Catherine Puglisi’s study of taste and collecting in Baroque Rome, “Paolo Veronese e la Roma dei Barberini,” co-authored with William Barcham, has
recently appeared in Saggi e Memorie di Storia dell’Arte 25 (2001). She also published a review of the exhibition “Orazio and Artemisia Gentileschi” in Apollo 46 (2002). She was the recipient of a Rutgers University Research Council Grant to begin research on a project on the image of the Dead Christ in the art of Paolo Veronese. As part of a new statewide initiative to promote Italian and Italian-American Heritage, Dr. Puglisi was appointed to head the University Committee on Italian Studies and serve on the Academic Advisory Committee to the NJ State Commission on Italian American Heritage.
Jane Sharp recently published the article “The Cherkashinís Museum
Metropolitan” in Valeryi and Natasha Cherkashin (St. Petersburg: State Russian Museum, 2002). Her soon-to-appear book, Russian Modernism East and West: Natalia Goncharova and the Moscow Avant-Garde, will be published by Cambridge Univ. Press. Dr. Sharp will edit and contribute to the Russian volume of the Zimmerli Journal, a new publication from Rutgers’ Museum. She curated a second exhibition on abstraction entitled “Identity and Resistance: Abstract Painting in the Norton and Nancy Dodge Collection of Nonconformist Art from the Soviet Union” (September 6-November 18, 2002, Zimmerli Art Museum). Currently, she is co-curating, with Alla Rosenfeld and Amy Bryzgel (a Rutgers graduate student and Dodge Fellow), the exhibition “Fantasy and Figuration: a Selection of Graphic Works from the Dodge Collection” (opening April 6, 2003). In March 2002, she presented the Edith W. Clowes lecture at Oberlin College, Department of Slavic Languages and Literatures, entitled “Revival or Invention? Modernism and Tradition in the Visual Arts of Central Asia” and “Bridging the Gap: Soviet Abstract Painting After the Thaw.” In January 2002, she gave the lecture “Modern Art Survey: Lecture on the Russian Avant-Garde” at Christies, New York. Dr. Sharp will chair the session, “Abstract Painting ‘Once Removed,’” at the College Art Association annual conference in February 2003. Additionally, she was invited to present the following lectures in spring 2003: “Orientalism and the Art of the Russian Avant-Garde,” at the Walters Art Gallery, Baltimore in April; “Natalia Goncharova Before the Ballets Russes,” at Harvard University, Busch-Reisinger Museum in May; and “Modes of Being: Late 20th-Century Abstract Painting in the USSR,” at Forschungstelle Osteuropa, University of Bremen and the Department of Art History, International University of Bremen, in May.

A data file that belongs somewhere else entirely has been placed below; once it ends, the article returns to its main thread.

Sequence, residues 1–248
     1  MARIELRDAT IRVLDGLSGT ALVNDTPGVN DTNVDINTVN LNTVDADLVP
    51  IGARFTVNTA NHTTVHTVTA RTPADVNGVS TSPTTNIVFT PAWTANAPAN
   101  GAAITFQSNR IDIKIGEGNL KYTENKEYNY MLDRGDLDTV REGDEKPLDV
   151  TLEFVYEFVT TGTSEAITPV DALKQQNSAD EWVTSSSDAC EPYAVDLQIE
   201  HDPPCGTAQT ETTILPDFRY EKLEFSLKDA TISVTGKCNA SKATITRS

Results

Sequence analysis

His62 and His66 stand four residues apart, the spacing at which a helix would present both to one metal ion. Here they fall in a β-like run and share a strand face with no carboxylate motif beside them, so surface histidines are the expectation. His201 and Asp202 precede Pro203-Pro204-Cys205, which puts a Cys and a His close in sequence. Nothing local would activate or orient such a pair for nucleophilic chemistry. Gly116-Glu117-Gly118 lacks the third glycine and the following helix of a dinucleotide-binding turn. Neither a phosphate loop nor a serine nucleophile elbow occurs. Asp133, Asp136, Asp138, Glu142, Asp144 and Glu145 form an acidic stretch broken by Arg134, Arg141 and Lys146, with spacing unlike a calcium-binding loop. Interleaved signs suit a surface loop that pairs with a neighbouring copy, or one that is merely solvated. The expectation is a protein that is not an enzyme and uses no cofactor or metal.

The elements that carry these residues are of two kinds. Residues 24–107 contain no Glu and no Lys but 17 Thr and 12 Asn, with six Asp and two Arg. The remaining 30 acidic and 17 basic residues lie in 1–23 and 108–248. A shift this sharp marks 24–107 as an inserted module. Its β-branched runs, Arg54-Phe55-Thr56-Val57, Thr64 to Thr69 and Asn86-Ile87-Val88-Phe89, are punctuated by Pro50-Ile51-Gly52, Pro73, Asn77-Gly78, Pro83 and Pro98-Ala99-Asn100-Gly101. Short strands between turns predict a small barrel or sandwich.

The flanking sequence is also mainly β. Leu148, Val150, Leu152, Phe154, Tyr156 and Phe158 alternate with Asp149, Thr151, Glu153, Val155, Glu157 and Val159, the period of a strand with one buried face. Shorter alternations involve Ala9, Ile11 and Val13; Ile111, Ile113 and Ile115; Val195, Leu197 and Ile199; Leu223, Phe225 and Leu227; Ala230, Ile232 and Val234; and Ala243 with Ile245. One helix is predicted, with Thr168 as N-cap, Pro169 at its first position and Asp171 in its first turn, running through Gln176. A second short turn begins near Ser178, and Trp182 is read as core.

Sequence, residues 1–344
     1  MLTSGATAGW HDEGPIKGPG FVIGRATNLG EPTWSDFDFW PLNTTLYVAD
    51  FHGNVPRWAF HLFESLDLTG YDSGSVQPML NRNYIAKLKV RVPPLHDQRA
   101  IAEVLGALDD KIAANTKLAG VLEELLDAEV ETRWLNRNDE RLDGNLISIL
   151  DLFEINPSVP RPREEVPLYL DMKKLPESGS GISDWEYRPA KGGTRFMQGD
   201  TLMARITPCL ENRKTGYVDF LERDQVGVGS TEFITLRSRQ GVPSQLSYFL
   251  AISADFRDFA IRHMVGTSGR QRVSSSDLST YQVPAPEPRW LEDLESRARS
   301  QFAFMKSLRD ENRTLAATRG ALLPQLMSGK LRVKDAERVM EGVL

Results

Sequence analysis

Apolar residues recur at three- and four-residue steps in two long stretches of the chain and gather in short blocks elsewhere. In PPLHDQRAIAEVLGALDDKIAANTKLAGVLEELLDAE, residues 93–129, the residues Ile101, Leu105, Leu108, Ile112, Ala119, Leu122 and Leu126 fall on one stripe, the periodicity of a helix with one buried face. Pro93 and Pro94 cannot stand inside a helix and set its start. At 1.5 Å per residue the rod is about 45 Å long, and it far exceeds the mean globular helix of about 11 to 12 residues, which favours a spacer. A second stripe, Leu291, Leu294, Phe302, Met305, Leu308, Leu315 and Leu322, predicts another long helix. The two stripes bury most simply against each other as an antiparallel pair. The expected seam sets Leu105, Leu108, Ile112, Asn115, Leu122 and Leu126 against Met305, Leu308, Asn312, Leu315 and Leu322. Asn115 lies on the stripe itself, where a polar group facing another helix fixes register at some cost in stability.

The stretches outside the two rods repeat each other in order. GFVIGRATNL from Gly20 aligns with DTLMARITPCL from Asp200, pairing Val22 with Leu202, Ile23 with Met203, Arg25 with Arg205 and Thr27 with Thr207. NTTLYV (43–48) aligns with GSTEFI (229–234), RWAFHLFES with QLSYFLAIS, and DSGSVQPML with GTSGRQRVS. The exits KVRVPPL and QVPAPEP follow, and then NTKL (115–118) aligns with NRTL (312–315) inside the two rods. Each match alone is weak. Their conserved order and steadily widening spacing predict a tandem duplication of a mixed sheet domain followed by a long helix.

Penny Small presented the following papers: “When is a Picture an
Illustration? Scholars, Texts, and Vases” at “Visual Vocabularies,” a colloquium at the Center for the Ancient Mediterranean, Columbia University, October 2002; “Hats Off: The Entry of Tarquinius Priscus into Rome?” at “Etruscans Now,” an
International Colloquium at the British Museum, December 2002. At the
invitation of the State Department, Dr. Small participated in a roundtable
discussion at the World Monuments Fund in New York on October 30, 2002. The roundtable was part of a two-week long visit of Italian museum curators and archaeologists who came to the United States under the auspices of the US Embassy in Rome and the International Visitor Program of the Bureau for Educational and Cultural Affairs. The visit stemmed from the January 2001 agreement between the United States and Italy to provide long-term loans of Italian archaeological materials to US institutions for research, educational, art historical and humanistic purposes.
Jack Spector traveled to Beijing for a four-day international symposium on “Aesthetics and Culture: East and West.” He presented the paper entitled “Some Influences of Chinese Calligraphy on Western Modernism,” which has been accepted for publication (in 2003) in Chinese and English versions by the Chinese Society for Aesthetics in Beijing. In November 2002, he presented the lecture “Collage, Rebus and Early Education in Paris after 1871: A Source for the Cubist Avant-Garde?” in the Public Lecture Series of the Nova Scotia College of Art and Design, Halifax, Nova Scotia. His review of Louis Rose’s The Survival of Images: Art Historians, Psychoanalysis, and the Ancients (Wayne State, 2001) will be published in American Imago, Spring 2003.